Monday, December 3, 2007

A rare day here, a day after a drenching rain so the air has that cleansed shine, the light here is always a wonder, its mix of desert clarity and then skies with cloud scapes of layered reds, purples, and even at times rainless rich grays and then those high summer days, when you are sheltering from cold winds and frozen hail, and the skies here are a mono shattering blue that is merciless in its reflection of heat. A high cloud appears as a brave or lost traveler trying desperately to find its kin. I join so many elderly emigrees who while overwhelmed by all they have left behind, by all the uncertainties of aging bodies and not quite as sharp minds take great delight in focusing on the huge daily changes of live on earth, the sky, the weather, the nature of the wind. Perhaps we have been defeated by the vagaries of smaller life--too high rents, shrinking income and gums, friends too much ocean away--but the sky with its constant messages refuses to loose sight of us.

And my other constant private companions, books. You who have read my other words know how Zola sat with me as the bags of yellow poison known as chemotherapy dripped into aching veins, know how the sounds of Patrick O'Brien's straining clipper ships and revolutionary naturalists and salt of the earth British sea captains reached me way beyond the grinding fatigue of radiation. From my early days in the Bronx to these much later days in West Brunswick, once called the Bronx of Melbourne because it was such a down but not out neighborhood, books, the hard handable caught in amber moments of human heart and mind, pushed me out of dead ends into Joan's possibilities --I hope I have repayed in a very small way those other writers from every culture and every time in every language that endured the loneliness and self doubt of creation and to all my students in Queens College SEEK through the mid 60s until the 90s, it was this highway of teeming visions--both yours to visit and to create--that I tried so hard to lay at your feet.

My authors who sit beside me now--Chimamanda Ngozi Adichie's novel "Half of a Yellow Sun," her novel of the killing time in Nigeria in the 1960s, told through characters that span the worlds of witnesses and victims, history marked on bodies with desire, women's voices not reduced in either their longings or their outrage. Years ago with those same students I have mentioned we read together Chinua Achebe's Things Fall Apart and then Bessie Head and Echemeta--it is time now for us to see the varied history of the nations of Africa through their own creative visions, another kind of Africa. As Adichie quotes these lines of Achebe: "Today I see it all-/Dry, wire-thin in sun and dust of the dry months-/Headstone on tiny debris of passionate courage." ( from "Mango Seedling" in Christmas in Biafra and Other Poems)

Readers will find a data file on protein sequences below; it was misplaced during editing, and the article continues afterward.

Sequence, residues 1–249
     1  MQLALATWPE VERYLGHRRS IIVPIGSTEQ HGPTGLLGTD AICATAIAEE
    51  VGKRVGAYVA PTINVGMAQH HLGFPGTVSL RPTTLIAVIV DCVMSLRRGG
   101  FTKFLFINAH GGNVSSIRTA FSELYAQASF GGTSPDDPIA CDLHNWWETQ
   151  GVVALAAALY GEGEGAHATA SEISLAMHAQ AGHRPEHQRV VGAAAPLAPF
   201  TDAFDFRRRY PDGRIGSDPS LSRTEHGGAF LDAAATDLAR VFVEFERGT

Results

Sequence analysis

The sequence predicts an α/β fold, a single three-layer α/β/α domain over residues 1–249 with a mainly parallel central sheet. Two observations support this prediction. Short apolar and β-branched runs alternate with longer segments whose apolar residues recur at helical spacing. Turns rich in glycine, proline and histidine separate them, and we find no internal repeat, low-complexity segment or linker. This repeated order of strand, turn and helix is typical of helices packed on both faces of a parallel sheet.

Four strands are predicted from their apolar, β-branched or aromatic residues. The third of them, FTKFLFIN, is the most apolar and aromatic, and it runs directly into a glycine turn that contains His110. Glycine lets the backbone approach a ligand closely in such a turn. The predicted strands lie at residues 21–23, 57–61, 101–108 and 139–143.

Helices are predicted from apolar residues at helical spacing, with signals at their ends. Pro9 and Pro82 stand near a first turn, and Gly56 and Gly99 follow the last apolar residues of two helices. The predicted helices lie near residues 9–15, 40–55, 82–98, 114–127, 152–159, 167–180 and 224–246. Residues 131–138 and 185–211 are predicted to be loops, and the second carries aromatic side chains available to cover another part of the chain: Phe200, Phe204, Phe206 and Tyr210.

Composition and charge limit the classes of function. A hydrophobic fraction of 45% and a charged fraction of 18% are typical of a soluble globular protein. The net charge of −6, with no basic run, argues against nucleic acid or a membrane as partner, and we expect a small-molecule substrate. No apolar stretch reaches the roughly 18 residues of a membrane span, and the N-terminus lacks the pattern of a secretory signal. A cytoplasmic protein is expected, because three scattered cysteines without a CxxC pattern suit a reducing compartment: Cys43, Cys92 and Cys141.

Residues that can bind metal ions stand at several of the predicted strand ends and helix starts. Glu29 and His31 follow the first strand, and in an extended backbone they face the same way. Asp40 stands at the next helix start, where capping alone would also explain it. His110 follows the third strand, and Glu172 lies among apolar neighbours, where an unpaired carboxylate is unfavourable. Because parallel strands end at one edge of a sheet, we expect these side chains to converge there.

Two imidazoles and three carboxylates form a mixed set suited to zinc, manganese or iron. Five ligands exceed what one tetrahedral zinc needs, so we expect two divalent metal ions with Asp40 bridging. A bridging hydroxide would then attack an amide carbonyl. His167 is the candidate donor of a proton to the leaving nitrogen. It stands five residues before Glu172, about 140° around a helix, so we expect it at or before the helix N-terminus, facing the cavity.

Henning Mankell's "Kennedy's Brain," Mankell is a Swedish born novelist who is most known, I think, for his compelling detective series with Inspector Wallender and the cold often silent world with touches of burning hearts through which his characters enter our line of vision and whose every book of whatever genre I will always seek out--Mankell has for several years run a theater company in Mozambique where he was living last I read of his life. Here through the voice and journey of a Swedish mother whose son has disappeared in Mozambique, Mankell has created a "thriller" as the copy says that is also his expression of fury at the cynical reductions of African lives by those who profit from human suffering in so many ways--like John LeCarre--even worldly men are fed up with the callousness of unleashed profit motive. As he writes on the closing page of his afterward to this novel, "What is written in this book is exclusively the result of my own choices and decisions, of course. Just as the anger is also mine, the anger that was my driving force." How close I feel to this man, how warmed by his anger I am, this writer who moves from harbors encased in fog and ice to a glaring sun much like the one I know here--bringing unflagging interest in how people move through the hardness of unexplainable actions on one hand or how they survive manipulated human coldness on the other.
I must walk now my poor Cello who is suffering from a spider bite. More another day and night.

1 comment:

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